- Hollie Geitner, Director, Communications, Duquesne Light Company

    - Stacy Juchno, Executive Vice President and General Auditor, The PNC Financial Services Group

    - Cynthia Oliver, Executive Director, Three Rivers Business Alliance

    “Cindi is an excellent choice for the Greater Pittsburgh ATHENA Award,” said 3RBA’s President, Ronald L. Hicks, Jr.  “Cindi is an exceptional leader who is very passionate about helping women and other minorities succeed in their business or profession.  Her passion and leadership are part of the reasons why 3RBA has been quite successful with Cindi as our Executive Director.  On behalf of 3RBA and its members, we extend our sincere congratulations to Cindi and all the finalists.”    

    Scheduled for September 9, 2022, at the Westin Convention Center Pittsburgh Hotel, the ATHENA Awards event in Pittsburgh is one of the largest annual gatherings among the hundreds of ATHENA International events presented around the world.  For more information or to purchase tickets, follow this link.  

  • April 12, 2022 12:38 PM | Ronald Hicks (Administrator)

    City & State Pennsylvania has selected Three Rivers Business Alliance's President, Ronald L. Hicks, Jr., as part of it 2022 Pittsburgh Power 100, a round-up of people exerting the most influence in the City of Pittsburgh.  Read the full article here.  

    3RBA congratulates Ron on this well-deserved honor!

  • March 13, 2022 2:57 PM | Ronald Hicks (Administrator)

    Pittsburgh, PA - Three Rivers Business Alliance (3RBA) proudly announces that Columbia Gas of Pennsylvania has been the latest company to sponsor its operations.  

    Launched in 2018, 3RBA is a chamber of commerce that is affiliated with the National LGBT Chamber of Commerce.  3RBA serves to diligently advocate, promote, and serve as a catalyst for change that fosters diversity, inclusion, and equity, and produces increased opportunities for LGBTQ+ businesses and their allies in the Pittsburgh/Greater Allegheny region.  Together with its foundation, 3RBA serves as a point of connection for LGBTQ+ and allied business owners and professionals, corporations, nonprofits, and civic leaders.  

    "3RBA is delighted and honored that Columbia Gas of Pennsylvania has agreed to sponsor and partner with 3RBA," said Ronald L. Hicks, Jr., a partner at Porter Wright Morris & Arthur LLP and President of 3RBA and its foundation.  "Columbia Gas joins a growing list of companies that are committed to diversifying their business by including LGBTQ+-owned businesses in their procurement and contract programs." 

    As of March 2022, the list of companies that have partnered with 3RBA and its foundation include: 

    Mason-Dixon/Greater Allegheny ($10,000 annually)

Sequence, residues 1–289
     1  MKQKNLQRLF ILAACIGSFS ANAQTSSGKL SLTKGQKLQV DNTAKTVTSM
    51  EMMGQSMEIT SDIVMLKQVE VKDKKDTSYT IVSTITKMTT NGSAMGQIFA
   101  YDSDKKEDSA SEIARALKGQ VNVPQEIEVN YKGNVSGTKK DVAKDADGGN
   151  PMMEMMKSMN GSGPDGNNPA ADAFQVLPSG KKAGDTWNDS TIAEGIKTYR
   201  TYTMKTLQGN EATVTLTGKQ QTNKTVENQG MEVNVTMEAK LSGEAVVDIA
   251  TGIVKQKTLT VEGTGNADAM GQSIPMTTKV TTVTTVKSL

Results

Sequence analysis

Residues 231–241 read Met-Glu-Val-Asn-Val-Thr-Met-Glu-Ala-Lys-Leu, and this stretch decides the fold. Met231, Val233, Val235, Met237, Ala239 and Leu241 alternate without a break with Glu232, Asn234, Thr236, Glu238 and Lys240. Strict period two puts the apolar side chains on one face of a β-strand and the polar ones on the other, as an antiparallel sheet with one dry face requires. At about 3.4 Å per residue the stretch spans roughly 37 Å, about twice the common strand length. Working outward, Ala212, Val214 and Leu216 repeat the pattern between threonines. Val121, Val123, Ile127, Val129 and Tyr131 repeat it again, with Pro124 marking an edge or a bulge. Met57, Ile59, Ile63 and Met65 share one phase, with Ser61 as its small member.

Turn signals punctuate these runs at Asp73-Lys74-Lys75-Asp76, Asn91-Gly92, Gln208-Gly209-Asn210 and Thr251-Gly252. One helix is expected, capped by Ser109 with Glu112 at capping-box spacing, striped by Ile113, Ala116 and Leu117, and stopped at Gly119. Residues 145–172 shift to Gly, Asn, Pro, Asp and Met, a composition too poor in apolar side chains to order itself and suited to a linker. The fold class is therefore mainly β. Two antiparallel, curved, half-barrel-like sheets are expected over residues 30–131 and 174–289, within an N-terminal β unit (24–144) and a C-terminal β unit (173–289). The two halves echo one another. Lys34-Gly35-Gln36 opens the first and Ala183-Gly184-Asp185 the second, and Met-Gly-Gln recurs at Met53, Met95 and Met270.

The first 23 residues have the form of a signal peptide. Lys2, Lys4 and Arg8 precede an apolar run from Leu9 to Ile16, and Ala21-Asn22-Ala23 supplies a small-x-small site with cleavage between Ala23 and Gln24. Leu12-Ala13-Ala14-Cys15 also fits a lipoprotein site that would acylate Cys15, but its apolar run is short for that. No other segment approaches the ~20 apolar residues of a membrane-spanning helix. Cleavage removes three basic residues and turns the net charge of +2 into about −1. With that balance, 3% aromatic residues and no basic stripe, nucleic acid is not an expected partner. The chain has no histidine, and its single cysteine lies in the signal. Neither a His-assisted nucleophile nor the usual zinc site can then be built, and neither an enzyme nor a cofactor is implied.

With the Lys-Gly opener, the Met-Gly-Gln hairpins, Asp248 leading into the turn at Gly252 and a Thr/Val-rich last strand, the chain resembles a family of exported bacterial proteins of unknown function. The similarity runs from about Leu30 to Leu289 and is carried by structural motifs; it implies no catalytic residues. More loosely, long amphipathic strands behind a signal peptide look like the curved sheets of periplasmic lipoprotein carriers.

PNC Bank

    Allegheny River ($5,000 annually)
    UPMC and its Center for Engagement and Inclusion
    HRT Solutions

    Monongahela River ($2,500 annually)
    Vibrant Pittsburgh
    Urban Redevelopment Authority
    Columbia Gas of Pennsylvania

    Youghiogheny River ($1,500 annually)
    Porter Wright Morris & Arthur LLP

    Luttner Financial Growth LLC
    Giant Eagle
    Duquesne Light Co.

    To learn more about how you or your company can become a partner or sponsor of 3RBA or its foundation, click here or download this brochure. 

  • March 11, 2022 12:17 PM | Cynthia Oliver (Administrator)

    Cathy Renna,, 917-757-6123 


    Washington, DC, March 9, 2022 — Today an ad hoc panel of the National Academies of Sciences, Engineering, and Medicine issued a groundbreaking consensus report focused on advancing data collection on sexual orientation, gender identity (SOGI), and sex, including variations in sex characteristics. The report synthesizes existing research, provides detailed recommendations about how to ask these questions, outlines key principles for advancing inclusion for lesbian, gay, bisexual, transgender, and intersex (LGBTQI) people, and articulates areas for further research.  The report emphasizes that improved and standardized data collection is vital for understanding the challenges LGBTQI people face.

    In response to this groundbreaking report, 190 LGBTQI and allied organizations today released an open letter calling for renewed efforts to advance SOGI and intersex data inclusion on surveys, in administrative data, and in clinical settings. The letter can be accessed here

    Data collected by private research firms suggest that there are over 13 million LGBTQ people in the United States, and the population is growing notably. Scientific estimates suggest as many as 2-5 million Americans were born with intersex traits.

    Said Liz Seaton, Policy Director for the National LGBTQ Task Force: ““Far too few surveys allow people to identify themselves as LGBTQI+ simply because they do not include sexual orientation, gender identity, or sex characteristics questions.  The lack of these questions stands in the way of addressing key disparities that LGBTQI+ people experience. We know that data inclusion is a cornerstone of equity, especially for LGBTQI+ people of color, low-income LGBTQI+ people, and transgender and intersex people. It’s important to note that transgender people may identify as male, female or gender nonbinary, and also some gender nonbinary folx do not identify as transgender.”